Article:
Preoccupation With Iraqi Conflict Hasn’t Hurt Auto Sales
The “CNN effect,” with consumers staying glued to their TV sets during a war, failed to dramatically slow sales at most Southern California auto dealers over the weekend.
Still, the auto industry is facing a number of challenges this year as a weak economy, record-high gasoline prices and the effect of 18 months of vehicle rebates and other sales incentives seem to have run out of steam.
On Saturday afternoon, the television in the customer lounge at Family Toyota in San Juan Capistrano was showing bombs and missiles bursting over Baghdad, but no one was watching. After a slow morning, the dealership was suddenly full of potential customers, and most of the dozen salesmen were out on the lot, trying to turn shoppers into buyers.
“You can’t stop living,” said Mission Viejo resident Mike Williams, who was shopping at Family with his wife, Lisa, and two young daughters. They were looking for a redesigned Toyota 2004 Sienna minivan, but left empty-handed because the dealership was out of stock.
Family General Manager Mike Ponzi said the 6-year-old dealership sold 42 vehicles from Friday through Sunday. “Not as good as we’d like, but not bad,” he said. Sales included six new SUVs and seven new pickup trucks -- an indication, Ponzi said, that gas prices and anti-SUV campaigns aren’t having much effect yet.
His dealership had a decent weekend, but nationwide passenger vehicle sales fell 8% for the week ending Saturday, said Paul Taylor, chief economist for the National Automobile Dealers Assn. That’s about 30,000 fewer passenger vehicles than were sold the same week last year, or an average of 1.5 cars fewer sales per dealership, he said.
So far, the CNN effect hasn’t reached the level it did during the 1991 Persian Gulf War, when sales plunged about 30% in the first week or so.
Some car dealers caution, though, that sales could drop substantially if the casualty count among coalition troops climbs.
Paul Wondries, Alhambra-based co-owner of a chain of 20 new-car dealerships across the state, said that although his sales Friday and Saturday were good, “It just dried up on Sunday at all of our dealerships as news about the Marine [casualties] came out. We weren’t even getting phone calls, which makes me think people were home watching the news.”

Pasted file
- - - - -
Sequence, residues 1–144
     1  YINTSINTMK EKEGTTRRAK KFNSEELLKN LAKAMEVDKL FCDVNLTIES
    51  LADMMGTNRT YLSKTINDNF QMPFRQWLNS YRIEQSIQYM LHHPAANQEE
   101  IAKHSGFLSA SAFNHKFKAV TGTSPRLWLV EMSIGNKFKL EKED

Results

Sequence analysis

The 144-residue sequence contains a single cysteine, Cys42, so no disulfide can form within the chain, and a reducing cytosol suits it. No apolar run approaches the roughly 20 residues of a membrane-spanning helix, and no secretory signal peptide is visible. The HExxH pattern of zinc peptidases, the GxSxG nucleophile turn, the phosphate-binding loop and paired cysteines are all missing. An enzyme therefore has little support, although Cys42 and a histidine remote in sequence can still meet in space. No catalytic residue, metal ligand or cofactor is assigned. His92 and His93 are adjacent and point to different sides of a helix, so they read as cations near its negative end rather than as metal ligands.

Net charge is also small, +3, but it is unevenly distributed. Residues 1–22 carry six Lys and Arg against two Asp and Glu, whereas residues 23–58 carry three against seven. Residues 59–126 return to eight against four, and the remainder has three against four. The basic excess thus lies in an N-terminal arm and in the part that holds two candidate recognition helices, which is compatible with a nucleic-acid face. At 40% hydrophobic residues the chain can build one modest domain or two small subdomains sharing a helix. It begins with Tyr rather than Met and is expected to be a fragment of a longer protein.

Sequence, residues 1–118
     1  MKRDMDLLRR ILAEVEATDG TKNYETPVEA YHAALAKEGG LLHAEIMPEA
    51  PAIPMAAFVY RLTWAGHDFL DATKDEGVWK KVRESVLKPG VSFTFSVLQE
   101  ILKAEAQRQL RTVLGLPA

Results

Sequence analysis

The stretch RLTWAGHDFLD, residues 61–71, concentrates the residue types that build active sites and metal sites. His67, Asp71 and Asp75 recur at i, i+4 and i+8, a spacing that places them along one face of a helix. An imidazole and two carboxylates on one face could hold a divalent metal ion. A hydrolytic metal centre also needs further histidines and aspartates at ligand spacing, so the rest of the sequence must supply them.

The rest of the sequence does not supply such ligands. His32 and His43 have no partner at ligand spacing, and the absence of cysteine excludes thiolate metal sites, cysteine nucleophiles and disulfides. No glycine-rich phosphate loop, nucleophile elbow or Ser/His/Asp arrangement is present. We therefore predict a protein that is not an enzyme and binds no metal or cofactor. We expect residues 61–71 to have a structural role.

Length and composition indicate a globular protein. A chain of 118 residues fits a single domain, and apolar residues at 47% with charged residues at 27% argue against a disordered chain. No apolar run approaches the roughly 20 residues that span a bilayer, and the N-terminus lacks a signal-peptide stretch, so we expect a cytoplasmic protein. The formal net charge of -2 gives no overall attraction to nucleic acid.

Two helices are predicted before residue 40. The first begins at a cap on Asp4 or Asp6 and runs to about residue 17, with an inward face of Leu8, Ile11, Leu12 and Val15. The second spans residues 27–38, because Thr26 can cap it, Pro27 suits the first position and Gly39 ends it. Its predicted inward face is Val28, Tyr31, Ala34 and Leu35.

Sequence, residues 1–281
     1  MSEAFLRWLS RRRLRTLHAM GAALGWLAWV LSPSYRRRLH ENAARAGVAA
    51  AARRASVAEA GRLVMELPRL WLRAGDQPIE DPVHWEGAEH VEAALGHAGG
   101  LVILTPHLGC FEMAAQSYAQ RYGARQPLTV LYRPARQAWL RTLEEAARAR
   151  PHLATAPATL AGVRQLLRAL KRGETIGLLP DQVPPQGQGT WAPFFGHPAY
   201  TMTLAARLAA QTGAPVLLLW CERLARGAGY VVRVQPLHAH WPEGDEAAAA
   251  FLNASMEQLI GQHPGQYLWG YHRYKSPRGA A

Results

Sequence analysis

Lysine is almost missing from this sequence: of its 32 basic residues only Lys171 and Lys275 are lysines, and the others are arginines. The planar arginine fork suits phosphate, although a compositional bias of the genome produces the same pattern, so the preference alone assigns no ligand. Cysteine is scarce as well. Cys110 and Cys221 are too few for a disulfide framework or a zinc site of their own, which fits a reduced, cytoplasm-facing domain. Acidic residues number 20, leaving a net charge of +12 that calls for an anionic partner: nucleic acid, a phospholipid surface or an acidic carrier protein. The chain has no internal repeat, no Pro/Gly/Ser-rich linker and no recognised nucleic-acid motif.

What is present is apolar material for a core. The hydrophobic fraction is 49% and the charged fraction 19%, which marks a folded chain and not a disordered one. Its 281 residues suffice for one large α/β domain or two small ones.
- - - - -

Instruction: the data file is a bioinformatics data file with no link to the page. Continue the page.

While weekend sales were good at Fritz Hitchcock’s five dealerships in Puente Hills, Fullerton, Northridge and Hermosa Beach, he echoed Wondries’ concern about the effect of negative war news. “If the body count of U.S. troops gets worse, next weekend could be a disaster for sales,” he said.
A week or two of slow sales can be handled, but a long-term slowdown would hurt. Car dealers have to buy their vehicles from the factory and most borrow money to do so. The interest on those loans can erode any profit if a vehicle remains on their lot too long.
At Family Toyota, where the inventory of 250 new cars and trucks represents an $8-million investment, Ponzi figures his monthly interest averages $120 per vehicle.
Still, the consensus from Taylor and other economists is that there will be a small “war hit,” and that nationally car sales will remain fairly strong this year, winding up in the range of 16.3 million-16.5 million units sold, or 2% to 3% less than the 16.8 million passenger vehicle sales recorded last year.
Whether those sales will translate to a profitable year for all automakers is another issue. Domestic car companies, led by General Motors Corp., have pushed rebates and other incentives to a record high of about $3,000 per vehicle, said David Healy, auto industry analyst with Burnham Securities Inc. By comparison, the average incentive for European brands is about $1,500, while the Asian automakers average just $1,000 per vehicle.
Wes Brown, an analyst with NexTrend auto market research in Thousand Oaks, said he expects most Asian and European brands to gain market share this year from American models.
In the meantime, said analyst Art Spinella of CNW Marketing/Research in Bandon, Ore., his survey found that floor traffic in car dealerships last week was down almost a third from a year ago, and that 80% of those who were out shopping were there only out of absolute need.
One such consumer at Family Toyota was Marine Sgt. George Medina, who is stationed at nearby Camp Pendleton. Medina and his wife, Rachel, had just purchased a 2-year-old Toyota Solara coupe, he said, “Because I don’t know when or if I’ll be shipped out to Iraq, but we wanted to make sure she had a good car if I do go.”